Around the world, railway tracks pass through villages, towns, cities and metropolises which creates the problem of ubiquitous Level Crossings as they transect roads, highways, etc. The real-time train data, collected through Global Positioning System (GPS) satellites can be used to calculate critical distance to a level crossing. A sensor (receiver) keeps polling the approaching train data and actuates a motor that closes the gate of an unmanned LC.
Case Study – Indian Railways and problems with its LCs
Since the past few years, Indian Railways (IR) has been making strides in the realm of digital technology. Being the largest employer in the world, means managing a mammoth workforce and movement of passengers every day, equal to the population of Australia. Unfortunately, this includes running trains and transporting goods on a stagnated infrastructure of railroads. Both manned and unmanned Level Crossings, cause several accidents. The manned LCs, that have an operator, to pull the gate, are unreliable and often lead to delays for public, that wants to get from one side of the railway track to another.
Solution - Data from satellites
Taking advantages of advancements made in the field of satellite communications technology, Indian Railways has started using Global Positioning System data for running its trains. It collects the actual data as received from the satellites and links it to mobile phone applications and its web portal where travelers can find the running status of a train, they are interested in. This gives any user, information, such as speed, last station passed, time to reach the selected destination (approx.) and whether if the train is running late or at the right time.
Building Blocks of the proposed system – PLC and its FBD
A Programmable Logic Controller, or PLC, Fig. 1, is like a mini computer used for industrial automation everywhere around us. These controllers can automate a specific process, machine function, or even an entire production line. They can be made to calculate positions and take actions based on the status. The PLC receives information from connected sensors or input devices (thru the Input Modules), processes the data (in its Processor), and triggers outputs (connected to the Output Module) based on pre-programmed parameters. Depending on the inputs and outputs, a PLC can monitor and record run-time data, automatically start and stop processes, generate alarms if a machine malfunctions, and more. Programmable Logic Controllers are a flexible and robust control solution, adaptable to almost any application.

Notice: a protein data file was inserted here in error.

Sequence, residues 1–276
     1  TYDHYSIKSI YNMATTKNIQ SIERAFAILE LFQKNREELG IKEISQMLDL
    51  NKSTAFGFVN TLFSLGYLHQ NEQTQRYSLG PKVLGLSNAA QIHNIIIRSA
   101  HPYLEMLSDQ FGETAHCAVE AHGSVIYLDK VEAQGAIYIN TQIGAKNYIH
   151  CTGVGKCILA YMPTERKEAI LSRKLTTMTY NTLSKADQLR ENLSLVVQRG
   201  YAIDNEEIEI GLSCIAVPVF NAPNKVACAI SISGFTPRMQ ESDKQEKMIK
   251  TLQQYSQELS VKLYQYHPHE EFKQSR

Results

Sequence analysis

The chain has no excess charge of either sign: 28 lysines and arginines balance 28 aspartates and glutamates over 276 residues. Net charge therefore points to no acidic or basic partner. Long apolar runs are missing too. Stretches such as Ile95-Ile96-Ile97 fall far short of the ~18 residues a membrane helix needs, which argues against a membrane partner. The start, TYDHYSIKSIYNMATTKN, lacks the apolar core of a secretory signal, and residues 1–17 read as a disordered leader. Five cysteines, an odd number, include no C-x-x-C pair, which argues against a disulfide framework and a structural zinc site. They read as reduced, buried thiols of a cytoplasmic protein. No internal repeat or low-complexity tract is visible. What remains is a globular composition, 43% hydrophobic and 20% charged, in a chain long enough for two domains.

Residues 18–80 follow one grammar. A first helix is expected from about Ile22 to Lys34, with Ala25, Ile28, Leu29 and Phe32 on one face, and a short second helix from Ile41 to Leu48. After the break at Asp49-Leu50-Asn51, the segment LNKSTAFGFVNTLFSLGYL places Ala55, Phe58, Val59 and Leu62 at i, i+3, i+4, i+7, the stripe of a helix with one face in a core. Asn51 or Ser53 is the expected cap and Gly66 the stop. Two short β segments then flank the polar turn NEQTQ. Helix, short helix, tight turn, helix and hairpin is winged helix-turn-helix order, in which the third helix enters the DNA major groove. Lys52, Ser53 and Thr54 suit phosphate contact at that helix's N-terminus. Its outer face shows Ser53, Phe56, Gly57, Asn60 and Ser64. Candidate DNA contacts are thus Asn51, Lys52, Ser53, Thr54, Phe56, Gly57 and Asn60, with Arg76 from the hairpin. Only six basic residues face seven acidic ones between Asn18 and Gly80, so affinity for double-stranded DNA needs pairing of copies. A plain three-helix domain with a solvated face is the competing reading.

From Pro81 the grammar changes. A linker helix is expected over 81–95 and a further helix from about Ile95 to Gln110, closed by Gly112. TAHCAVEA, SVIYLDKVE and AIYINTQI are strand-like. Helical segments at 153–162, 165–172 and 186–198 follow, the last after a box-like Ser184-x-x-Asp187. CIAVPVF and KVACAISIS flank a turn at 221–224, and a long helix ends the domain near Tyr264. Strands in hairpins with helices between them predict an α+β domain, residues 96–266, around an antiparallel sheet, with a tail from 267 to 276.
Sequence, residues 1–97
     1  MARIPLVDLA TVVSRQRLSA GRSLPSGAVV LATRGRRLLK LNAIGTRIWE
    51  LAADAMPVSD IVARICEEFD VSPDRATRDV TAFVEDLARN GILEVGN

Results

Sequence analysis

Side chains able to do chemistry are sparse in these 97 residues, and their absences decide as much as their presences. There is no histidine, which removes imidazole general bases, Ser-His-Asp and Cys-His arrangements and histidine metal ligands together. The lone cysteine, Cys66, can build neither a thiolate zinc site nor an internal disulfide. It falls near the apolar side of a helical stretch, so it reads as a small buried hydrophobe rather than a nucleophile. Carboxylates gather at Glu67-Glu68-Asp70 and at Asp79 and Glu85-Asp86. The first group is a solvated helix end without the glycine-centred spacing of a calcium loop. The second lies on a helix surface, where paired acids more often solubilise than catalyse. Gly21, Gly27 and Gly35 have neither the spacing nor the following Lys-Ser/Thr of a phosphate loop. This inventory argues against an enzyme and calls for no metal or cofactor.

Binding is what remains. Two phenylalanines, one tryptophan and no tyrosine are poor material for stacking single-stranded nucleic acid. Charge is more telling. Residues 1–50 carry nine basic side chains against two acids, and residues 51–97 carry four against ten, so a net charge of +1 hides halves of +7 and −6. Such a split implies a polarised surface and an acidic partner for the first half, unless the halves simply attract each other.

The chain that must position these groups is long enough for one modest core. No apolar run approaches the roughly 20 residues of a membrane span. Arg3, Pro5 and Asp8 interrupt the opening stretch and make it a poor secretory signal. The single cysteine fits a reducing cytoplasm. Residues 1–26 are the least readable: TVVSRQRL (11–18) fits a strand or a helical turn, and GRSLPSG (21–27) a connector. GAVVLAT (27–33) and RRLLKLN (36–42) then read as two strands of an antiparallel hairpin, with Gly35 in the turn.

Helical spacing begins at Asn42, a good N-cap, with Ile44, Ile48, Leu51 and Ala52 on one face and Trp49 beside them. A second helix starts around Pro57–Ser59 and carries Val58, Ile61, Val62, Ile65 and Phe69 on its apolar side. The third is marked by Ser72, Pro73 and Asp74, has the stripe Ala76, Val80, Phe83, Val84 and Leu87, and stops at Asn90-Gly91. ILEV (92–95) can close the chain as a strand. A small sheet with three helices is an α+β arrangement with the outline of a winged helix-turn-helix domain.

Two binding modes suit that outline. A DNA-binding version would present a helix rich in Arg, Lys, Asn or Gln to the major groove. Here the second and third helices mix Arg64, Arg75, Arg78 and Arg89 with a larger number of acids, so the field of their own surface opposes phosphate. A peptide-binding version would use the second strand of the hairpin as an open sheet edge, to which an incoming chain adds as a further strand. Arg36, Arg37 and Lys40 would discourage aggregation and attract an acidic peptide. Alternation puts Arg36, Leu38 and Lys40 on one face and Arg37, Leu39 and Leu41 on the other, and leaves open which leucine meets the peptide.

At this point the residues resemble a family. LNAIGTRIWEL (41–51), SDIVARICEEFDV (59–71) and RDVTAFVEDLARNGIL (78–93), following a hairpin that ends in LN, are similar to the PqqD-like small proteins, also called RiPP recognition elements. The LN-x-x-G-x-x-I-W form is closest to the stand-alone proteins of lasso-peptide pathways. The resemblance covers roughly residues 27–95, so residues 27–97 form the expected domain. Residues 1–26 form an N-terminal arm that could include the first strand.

Fig. 1 - A Programmable Logic Controller consisting of a Power Supply, CPU and input and output modules.
Modern PLCs are programmed using Functional Block Diagram (FBD). They were introduced by IEC 61131-3 to overcome the weaknesses associated with textual programming and ladder diagrams. An FBD network, Fig. 2, primarily comprises interconnected functions and function blocks to express system behavior. Function blocks were introduced to address the need to reuse common tasks such as AND gate, OR gate, counters, and timers at different parts of an application or in different projects. A function block is a packaged element of software that describes the behavior of data, a data structure and an external interface defined as a set of input and output parameters. A function block is depicted as a rectangular block with inputs entering from the left and outputs exiting on the right. Key features of function blocks are data preservation between executions, encapsulation, and information hiding.
An FBD is a program constructed by connecting multiple functions and function blocks resulting in one block that becomes the input for the next. Unlike textual programming, no variables are necessary to pass data from one subroutine to another because the wires connecting different blocks automatically encapsulate and transfer data.
A function block is not evaluated unless all inputs that come from other elements are available. When a function block executes, it evaluates all its variables, including input and internal variables as well as output variables. During its execution, the algorithm creates new values for the output and internal variables. Outputs of function blocks are updated because of function block evaluations. Changes of signal states and values therefore naturally propagate from left to right across the FBD network.
Fig. 2 - Functional Block Diagram (FBD) used to program a PLC. Complex mathematic operations are performed by simple functions in steps, deriving outputs from one or multiple inputs.
The GPS data collected from satellites can be used for supplementary applications using simple systems integration technologies to improve a city’s infrastructure.